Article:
New Great Ape Protection Bills Introduced. Identical new bills to prohibit biomedical research with chimpanzees have been introduced in the House (H.R.1513) and Senate (S.810). This time they are labeled the "Great Ape Protection and Cost Savings Act." Rep. Bob Filner (D-CA) has also introduced a new version of a bill (H.R.1417) that would require the Department of Defense to "develop, test, and validate human-based training methods for the purpose of training members of the armed forces in the treatment of combat trauma injuries with the goal of replacing live animal-based training methods."
Guidelines for Biosafety Lab Competency Released. On April 15 the Centers for Disease Control and Prevention (CDC) and the Association of Public Health Laboratories released guidelines for Biosafety Laboratory Competency. These competencies outline essential skills, knowledge, and abilities required for working safely with biological agents at the three highest biosafety levels (BSLs).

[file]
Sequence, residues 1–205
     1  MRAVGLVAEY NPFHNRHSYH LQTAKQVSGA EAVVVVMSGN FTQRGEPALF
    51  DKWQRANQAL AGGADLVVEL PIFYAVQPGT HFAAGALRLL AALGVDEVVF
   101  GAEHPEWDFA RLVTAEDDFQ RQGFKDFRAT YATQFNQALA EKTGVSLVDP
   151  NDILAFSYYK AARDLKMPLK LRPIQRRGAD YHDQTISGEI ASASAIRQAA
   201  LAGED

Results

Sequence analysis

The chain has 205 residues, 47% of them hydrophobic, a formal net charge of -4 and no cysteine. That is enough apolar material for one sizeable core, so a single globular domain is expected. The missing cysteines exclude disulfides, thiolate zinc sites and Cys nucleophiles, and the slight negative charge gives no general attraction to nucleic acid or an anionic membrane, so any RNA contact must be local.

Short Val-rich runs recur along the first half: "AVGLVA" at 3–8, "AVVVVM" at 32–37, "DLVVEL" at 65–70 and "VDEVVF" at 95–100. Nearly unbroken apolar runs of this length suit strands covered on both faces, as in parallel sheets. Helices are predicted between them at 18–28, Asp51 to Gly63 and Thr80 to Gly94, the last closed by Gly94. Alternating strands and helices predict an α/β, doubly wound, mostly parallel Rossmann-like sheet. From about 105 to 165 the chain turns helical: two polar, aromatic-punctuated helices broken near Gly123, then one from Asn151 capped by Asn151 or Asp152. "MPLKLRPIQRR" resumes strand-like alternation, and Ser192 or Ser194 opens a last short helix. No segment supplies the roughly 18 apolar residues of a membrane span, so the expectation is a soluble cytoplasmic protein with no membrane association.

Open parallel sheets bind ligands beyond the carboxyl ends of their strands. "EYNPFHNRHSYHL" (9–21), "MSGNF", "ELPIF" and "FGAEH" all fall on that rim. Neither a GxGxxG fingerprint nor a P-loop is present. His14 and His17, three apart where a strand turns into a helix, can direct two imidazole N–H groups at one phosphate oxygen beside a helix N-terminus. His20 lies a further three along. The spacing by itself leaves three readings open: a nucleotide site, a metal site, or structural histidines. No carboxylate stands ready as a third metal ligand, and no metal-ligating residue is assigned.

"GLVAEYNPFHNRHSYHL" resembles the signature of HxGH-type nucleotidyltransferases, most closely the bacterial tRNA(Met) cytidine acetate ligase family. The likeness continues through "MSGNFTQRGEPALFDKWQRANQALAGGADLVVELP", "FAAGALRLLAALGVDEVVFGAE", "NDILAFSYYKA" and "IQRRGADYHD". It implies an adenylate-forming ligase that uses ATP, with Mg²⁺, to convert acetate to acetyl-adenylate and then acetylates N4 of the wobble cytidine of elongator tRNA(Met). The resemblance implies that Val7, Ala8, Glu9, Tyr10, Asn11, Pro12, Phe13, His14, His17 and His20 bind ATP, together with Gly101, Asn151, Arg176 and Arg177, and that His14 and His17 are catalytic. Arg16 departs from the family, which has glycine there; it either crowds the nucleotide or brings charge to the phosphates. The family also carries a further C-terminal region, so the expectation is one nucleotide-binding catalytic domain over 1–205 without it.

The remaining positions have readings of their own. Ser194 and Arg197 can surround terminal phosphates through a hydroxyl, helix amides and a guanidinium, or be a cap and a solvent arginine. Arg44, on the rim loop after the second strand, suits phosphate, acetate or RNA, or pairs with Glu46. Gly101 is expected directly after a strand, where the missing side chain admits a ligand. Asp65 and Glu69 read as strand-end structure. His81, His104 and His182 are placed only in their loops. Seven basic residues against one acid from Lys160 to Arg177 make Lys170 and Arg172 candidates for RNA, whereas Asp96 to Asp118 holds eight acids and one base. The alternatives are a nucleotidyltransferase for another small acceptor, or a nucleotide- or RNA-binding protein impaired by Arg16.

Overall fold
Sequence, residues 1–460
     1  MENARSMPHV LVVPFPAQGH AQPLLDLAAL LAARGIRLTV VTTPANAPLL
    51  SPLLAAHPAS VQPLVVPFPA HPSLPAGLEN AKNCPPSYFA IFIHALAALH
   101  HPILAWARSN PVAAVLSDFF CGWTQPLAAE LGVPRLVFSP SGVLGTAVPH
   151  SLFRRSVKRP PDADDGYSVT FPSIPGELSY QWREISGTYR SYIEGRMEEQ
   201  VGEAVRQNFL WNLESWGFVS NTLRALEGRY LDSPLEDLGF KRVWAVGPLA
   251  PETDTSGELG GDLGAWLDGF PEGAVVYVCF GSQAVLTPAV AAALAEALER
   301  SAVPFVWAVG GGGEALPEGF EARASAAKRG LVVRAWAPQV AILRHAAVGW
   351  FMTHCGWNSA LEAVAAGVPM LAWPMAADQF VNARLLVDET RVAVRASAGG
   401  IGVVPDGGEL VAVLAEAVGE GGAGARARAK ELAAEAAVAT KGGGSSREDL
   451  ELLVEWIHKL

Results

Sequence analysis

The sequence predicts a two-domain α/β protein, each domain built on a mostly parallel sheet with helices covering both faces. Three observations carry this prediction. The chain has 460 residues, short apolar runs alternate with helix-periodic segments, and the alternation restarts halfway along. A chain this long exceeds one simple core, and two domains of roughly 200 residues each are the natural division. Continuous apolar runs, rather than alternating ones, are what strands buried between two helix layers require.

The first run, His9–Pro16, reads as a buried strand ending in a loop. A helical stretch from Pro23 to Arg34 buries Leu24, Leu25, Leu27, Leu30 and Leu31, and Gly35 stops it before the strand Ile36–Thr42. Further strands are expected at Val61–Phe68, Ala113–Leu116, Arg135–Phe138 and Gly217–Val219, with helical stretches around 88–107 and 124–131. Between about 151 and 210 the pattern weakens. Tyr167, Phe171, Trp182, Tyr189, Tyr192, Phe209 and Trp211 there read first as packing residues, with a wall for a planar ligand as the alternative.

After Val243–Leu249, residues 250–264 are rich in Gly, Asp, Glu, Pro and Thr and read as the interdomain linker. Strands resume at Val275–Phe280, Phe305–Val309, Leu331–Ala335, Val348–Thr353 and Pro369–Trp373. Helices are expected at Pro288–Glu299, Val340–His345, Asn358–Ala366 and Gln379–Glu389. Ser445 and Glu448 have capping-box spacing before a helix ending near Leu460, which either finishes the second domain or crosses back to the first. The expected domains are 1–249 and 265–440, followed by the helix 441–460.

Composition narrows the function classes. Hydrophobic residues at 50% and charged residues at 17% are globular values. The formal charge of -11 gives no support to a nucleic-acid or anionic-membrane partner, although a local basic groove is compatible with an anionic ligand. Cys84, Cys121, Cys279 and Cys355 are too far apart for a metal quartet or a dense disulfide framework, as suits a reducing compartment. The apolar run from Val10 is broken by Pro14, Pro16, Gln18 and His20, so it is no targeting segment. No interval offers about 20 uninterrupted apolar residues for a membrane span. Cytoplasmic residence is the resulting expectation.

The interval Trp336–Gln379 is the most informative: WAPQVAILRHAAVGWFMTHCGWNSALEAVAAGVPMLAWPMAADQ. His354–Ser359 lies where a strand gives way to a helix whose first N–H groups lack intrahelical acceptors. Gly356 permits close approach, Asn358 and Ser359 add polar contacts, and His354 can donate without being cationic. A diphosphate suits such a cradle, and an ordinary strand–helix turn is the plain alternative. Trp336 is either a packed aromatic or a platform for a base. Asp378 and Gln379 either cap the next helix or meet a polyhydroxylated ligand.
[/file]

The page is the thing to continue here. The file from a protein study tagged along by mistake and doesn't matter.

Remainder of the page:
Administration Releases "Trusted Identities" Strategy for Greater Cybersecurity. On April 15 President Obama released the National Strategy for Trusted Identities in Cyberspace, which urges the private sector to improve cybersecurity by facilitating the development of secure online identities for consumers. A post on the White House blog and a video on the website for the National Institute of Standards and Technology (NIST) explain details of the strategy. Currently it can be difficult for internet users to verify their identities when using sensitive services such as banking or accessing health records, a problem that has prevented some organizations from moving their operations online. Moreover, consumers have to memorize dozens of passwords, which are frequently insecure, to u se Inter net services and participate in e-commerce. Over the past two years, the administration estimated, about 11.7 million Americans were victims of identity theft, costing billions of dollars.